Tuesday, 20 March 2012

Chepstow Circles!

Last week 17 of us from the Jericho Road Project went to Chepstow for 4 days.  We stayed at Woodcroft Christian Centre, which is a great venue with plenty of space to relax.  We had lots of rooms, a kitchen, table tennis area, pool room, TV lounge, a sport hall and even our own Peacock strutting around the grounds.  We did a walk up a mountain, did some rock climbing, went to some waterfalls, played a pool tournament, worshipped God and read the bible.  We had a relaxed fun time. 

I have done days out and residential trips for all 10 years of the project.  One of the most memorable trips was to Knowle Park because we managed to leave someone behind and also spent ages finding someone else who had fallen asleep under a tree!  It was that trip which increased the crime rate at the National Trust gift shop but it was offset by Catford having less street drinkers for that day!  Sid the Punk came with us and on the journey there we had to stop for him to take a toilet break by the road side - I had no idea how many layers a Punk wears and therefore how long it takes to do a 'quick' wee!

Chepstow didn't have any Punks but I did have an emergency toilet stop with a difference.  On our return we going at a slow pace in London traffic and I really needed to go so the 'human Satnav' (In London Streets he is brilliant but needs lots of food to keep him going!) stopped us outside the bookies to use their toilet.  I can't remember ever going into a bookies before but I wasn't going to protest at that moment.  As you might expect the group thought this was really funny.   

So every Chepstow holiday (this was our 4th year) has it's particular memories.  It is the people that make the difference and this year's bunch were great.  On the Wednesday night people shared some very personal reflections from lives that had suffered much, often from a very young age.  It was not always comfortable listening but it was very real.  It was also in the context of God being the great rebuilder.  The previous night we had read "Nevertheless, I will bring health and healing to it; I will heal my people and will let them enjoy abundant peace and security" (Jeremiah 33:6).  We were a group of people whose lives had been changed, were being changed whilst we were together and will continue to be changed in the future.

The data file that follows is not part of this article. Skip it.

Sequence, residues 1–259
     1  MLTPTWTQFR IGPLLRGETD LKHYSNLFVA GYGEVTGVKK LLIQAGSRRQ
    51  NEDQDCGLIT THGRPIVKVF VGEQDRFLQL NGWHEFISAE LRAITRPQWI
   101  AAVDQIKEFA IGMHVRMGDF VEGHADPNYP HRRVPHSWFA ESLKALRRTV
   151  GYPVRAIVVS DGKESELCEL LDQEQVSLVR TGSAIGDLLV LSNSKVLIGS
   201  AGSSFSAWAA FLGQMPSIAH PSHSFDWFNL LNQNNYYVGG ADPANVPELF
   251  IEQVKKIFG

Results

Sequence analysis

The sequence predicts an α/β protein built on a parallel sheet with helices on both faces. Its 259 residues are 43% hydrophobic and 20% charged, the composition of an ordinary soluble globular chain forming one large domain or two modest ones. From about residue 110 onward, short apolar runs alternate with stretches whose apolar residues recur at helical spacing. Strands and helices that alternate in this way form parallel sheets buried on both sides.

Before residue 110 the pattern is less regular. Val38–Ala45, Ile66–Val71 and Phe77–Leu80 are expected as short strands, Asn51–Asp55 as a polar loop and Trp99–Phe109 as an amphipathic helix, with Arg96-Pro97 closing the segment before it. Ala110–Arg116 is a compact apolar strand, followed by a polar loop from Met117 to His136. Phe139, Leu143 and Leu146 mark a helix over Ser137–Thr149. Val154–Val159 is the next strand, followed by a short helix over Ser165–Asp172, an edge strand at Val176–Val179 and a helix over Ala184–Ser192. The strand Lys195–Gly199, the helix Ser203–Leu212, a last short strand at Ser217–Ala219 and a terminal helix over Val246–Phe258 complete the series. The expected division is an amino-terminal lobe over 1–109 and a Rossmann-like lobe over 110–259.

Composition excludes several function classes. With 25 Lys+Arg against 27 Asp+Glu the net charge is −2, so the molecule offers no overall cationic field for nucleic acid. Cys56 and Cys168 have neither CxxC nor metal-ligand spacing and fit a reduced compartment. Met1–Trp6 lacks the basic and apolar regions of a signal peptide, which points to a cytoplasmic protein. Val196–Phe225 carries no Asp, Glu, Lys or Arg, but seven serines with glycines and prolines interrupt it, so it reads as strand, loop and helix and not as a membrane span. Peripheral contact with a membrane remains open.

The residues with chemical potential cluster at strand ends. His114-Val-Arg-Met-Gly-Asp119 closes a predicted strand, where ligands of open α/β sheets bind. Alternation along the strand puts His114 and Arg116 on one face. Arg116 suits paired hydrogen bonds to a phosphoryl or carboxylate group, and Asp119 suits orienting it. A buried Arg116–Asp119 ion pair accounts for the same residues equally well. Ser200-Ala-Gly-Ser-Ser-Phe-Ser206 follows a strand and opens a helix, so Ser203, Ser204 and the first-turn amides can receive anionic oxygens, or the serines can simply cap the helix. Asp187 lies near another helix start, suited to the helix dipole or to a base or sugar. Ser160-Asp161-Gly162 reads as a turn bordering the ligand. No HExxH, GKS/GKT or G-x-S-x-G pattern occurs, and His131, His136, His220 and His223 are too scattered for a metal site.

Two reflections at the end of the week summed it up: "this week has helped me understand what church is all about" and "this is what the church is talking about when it says move from rows to circles" [which is the current King's preaching series looking at how we build community together]

Chepstow is a long way to go to make a circle but the great thing is that we brought the circle back with us!

Friday, 9 March 2012

A short history of my swimming career

Rebekah and I celebrated our 15 wedding anniversary last night by watching David Walliams swimming 140 miles in the Thames - romantic hey!  Don't worry we are going away for the weekend. 

Swimming is simply really hard work.  This year I will do my first Olympic distance Triathlon which involves a 1500m swim in one of the docks on the River Thames.  And whilst I can now swim that distance in a lunch break at the local swimming pool, I have not swum in the Thames in a wetsuit nor had hundreds of other bashing into me ever before.

The real problem I have always had with swimming is the breathing thing.  When I was young I swam backstroke to avoid having mouthfuls of chlorinated water choking me.  I could sprint a length and at the end be totally breathless.  In fact my best swimming moment came in the school gala which was in the days when my secondary school had an outdoor pool.  It was solar heated!  I was sports captain and I managed to lead the Saxon House to victory in all the sports events.  It required powers of persuasion, which was easier to do when it meant I could get children out of their lessons but lots of persuasion I did.  The final event of the swimming gala was the sixth form relay race and I had the last leg.  Now I can't remember what position I was when I started the length I had to swim but I came home first and as a result my house was victorious! 

Well the breathing thing (or rather lack of breathing which is easily mistaken as drowning!) was still a problem until about 5 years ago.  I did my first sprint Triathlon (400m swim) doing back stroke.  No I've never seen anyone else ever do backstroke at a Triathlon either!.  So I had to learn how to breath and do front crawl at the same time.  I asked anyone who could swim well, how it was done. I watched and learnt, then practiced.  I can now do front crawl and breath comfortably nearly all the time.  It is one of my great personal victories. I need to credit Carl for helping me to swim well and in a straight line, thanks.  Carl and his wife Kate are my swimming heros, they swim outdoors all year round without a wetsuit.  Ice does not stop them!  

And then last week something new happened to me.  I swam and instead of concentrating intently on remembering to stay afloat, I found myself daydreaming as I swam.  It had become a learnt behaviour.  It was a new milestone in my swimming history.

So later this year I will swim almost a mile in the Thames and whilst it is 139 miles less than David Walliams I will be breaking new water in my swimming history!